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Lord Renfrew of Kaimsthorn asked Her Majesty's Government:

Lord Lucas: We have no evidence to suggest that any of the BSE cases so far confirmed in cattle were caused by deliberate, as opposed to accidental or inadvertent, feeding of ruminant protein after the

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introduction of the feed ban. In these circumstances, and given the difficulty and cost of establishing precisely what happened in individual cases up to eight years ago, it is inappropriate to seek to distinguish between farmers in terms of compensation payments.

Farm Animals: Protocol to European Convention

Lord Finsberg asked Her Majesty's Government:

    Whether it is their intention to sign the 1992 Protocol of Amendment to the European Convention for the Protection of Animals kept for Farming Purposes; and if not why not.

Lord Lucas: The provisions of this protocol are already reflected in UK legislation. The necessary formalities for signature and ratification will be completed as soon as possible.

Rat Infestation: Control

The Earl of Sandwich asked Her Majesty's Government:

    Further to their answer of 1st July (WA 87) on rat infestation in British homes, whether they can confirm that responsibility for this question lies with the local authorities and not with the water companies.

Lord Lucas: Yes. The Prevention of Damage by Pests Act 1949 puts the responsibility for the enforcement and monitoring of rodent control with local authorities.

Water companies, like other owners and occupiers of land, have a duty to carry out the necessary control measures, when ordered to do so by local authorities.

Abattoir Waste: Use as Fertiliser

Baroness Carnegy of Lour asked Her Majesty's Government:

    Whether the spreading on pasture of fertiliser containing blood or bone of sheep or cattle is lawful; and if so, whether it is presently subject to any contrary advice, or if not, whether it is under investigation as to its desirability.

Lord Lucas: The use of all mammalian meat and bonemeal, including that derived from sheep and cattle, as a fertiliser was banned for use on any agricultural land under the Fertiliser (Mammalian Meat and Bone Meal) Regulations 1996, which came into effect on 19th April 1996.

Blood and gut contents from abattoirs can be used as a fertiliser for the benefit of agriculture or ecological improvement. Land spreading of this kind is a recovery operation for the purposes of the amended EC Framework Directive on Waste and is controlled under Part II of the Environmental Protection Act 1990 and

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the Waste Management Licensing Regulations 1994. Spreading of such waste must be carried out without endangering animal or human health or posing a risk to the environment. The Code of Good Agricultural Practice for the Protection of Water provides guidelines for the application of these wastes to land to avoid water contamination.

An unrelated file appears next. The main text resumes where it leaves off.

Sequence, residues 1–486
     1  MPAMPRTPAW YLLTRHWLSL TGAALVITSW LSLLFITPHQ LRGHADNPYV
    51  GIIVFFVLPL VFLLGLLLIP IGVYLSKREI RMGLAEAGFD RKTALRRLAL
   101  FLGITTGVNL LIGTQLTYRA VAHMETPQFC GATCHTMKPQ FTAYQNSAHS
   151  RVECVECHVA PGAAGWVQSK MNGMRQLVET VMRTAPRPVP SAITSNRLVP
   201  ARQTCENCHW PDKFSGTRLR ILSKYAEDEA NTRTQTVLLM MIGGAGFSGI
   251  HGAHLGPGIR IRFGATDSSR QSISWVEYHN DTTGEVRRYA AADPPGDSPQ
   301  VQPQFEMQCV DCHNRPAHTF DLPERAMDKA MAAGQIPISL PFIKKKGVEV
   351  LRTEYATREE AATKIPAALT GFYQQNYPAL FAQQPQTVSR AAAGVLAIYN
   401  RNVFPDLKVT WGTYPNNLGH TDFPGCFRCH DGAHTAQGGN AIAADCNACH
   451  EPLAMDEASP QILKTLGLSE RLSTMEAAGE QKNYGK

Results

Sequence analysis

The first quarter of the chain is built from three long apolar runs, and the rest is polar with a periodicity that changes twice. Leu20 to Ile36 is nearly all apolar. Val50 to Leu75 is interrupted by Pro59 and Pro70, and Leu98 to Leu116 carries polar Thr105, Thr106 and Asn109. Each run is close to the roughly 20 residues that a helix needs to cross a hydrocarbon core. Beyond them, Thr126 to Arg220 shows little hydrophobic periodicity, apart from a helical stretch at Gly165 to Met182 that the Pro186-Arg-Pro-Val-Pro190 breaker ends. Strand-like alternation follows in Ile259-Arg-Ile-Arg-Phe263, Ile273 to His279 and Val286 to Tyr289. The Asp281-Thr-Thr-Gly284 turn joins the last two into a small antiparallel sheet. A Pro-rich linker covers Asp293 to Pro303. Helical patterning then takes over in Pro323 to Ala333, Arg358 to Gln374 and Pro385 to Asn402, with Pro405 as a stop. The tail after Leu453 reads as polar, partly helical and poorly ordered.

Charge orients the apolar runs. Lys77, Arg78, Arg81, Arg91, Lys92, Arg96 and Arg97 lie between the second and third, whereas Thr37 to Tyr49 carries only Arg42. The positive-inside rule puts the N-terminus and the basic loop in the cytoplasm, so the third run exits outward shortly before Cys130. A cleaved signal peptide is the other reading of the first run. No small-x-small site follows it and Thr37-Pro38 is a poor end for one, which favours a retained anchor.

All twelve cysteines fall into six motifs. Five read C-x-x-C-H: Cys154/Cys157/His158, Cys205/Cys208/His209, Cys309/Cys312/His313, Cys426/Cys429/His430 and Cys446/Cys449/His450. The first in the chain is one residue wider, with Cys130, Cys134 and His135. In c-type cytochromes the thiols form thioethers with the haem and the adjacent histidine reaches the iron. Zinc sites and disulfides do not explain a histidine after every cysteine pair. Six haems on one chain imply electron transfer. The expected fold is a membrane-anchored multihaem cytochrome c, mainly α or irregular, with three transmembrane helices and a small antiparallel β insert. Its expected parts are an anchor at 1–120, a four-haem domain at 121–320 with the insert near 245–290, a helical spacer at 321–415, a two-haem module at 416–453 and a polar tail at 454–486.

The independent Spongiform Encephalopathy Advisory Committee (SEAC) has recently considered the impact of disposal of abattoir waste on the environment, including the spreading of blood and gut contents on agricultural land. It concluded that since no BSE infection has ever been detected in blood there is no reason to recommend that this practice should be prohibited or be thought to be inadvisable.

SEAC keeps all aspects of the controls on transmissible spongiform encephalopathies (TSEs) under constant review and advises the Government where further measures are necessary.

Scrapie

Baroness Carnegy of Lour asked Her Majesty's Government:

    In the light of recent research (The Lancet, 20th April 1996, p.114), whether they consider that mites in grass or hay might act as vectors of scrapie from infected sheep to scrapie-free sheep.

Lord Lucas: This work has been reviewed, both by Ministry experts and by SEAC at its meeting on 5th September. A number of scientific questions have been raised about the validity of the experiment and until these are answered the significance of the results remains unclear. The experiment relates solely to the alleged demonstration that hay mite material injected into mice could cause scrapie and there is no evidence in the paper that hay mites can act as a vector for the natural spread of scrapie under farming conditions. We understand that further work is under way to validate the original findings. The Government are also considering proposals for research in this area.

HM the Queen and HRH the Prince of Wales: Self Assessment for Tax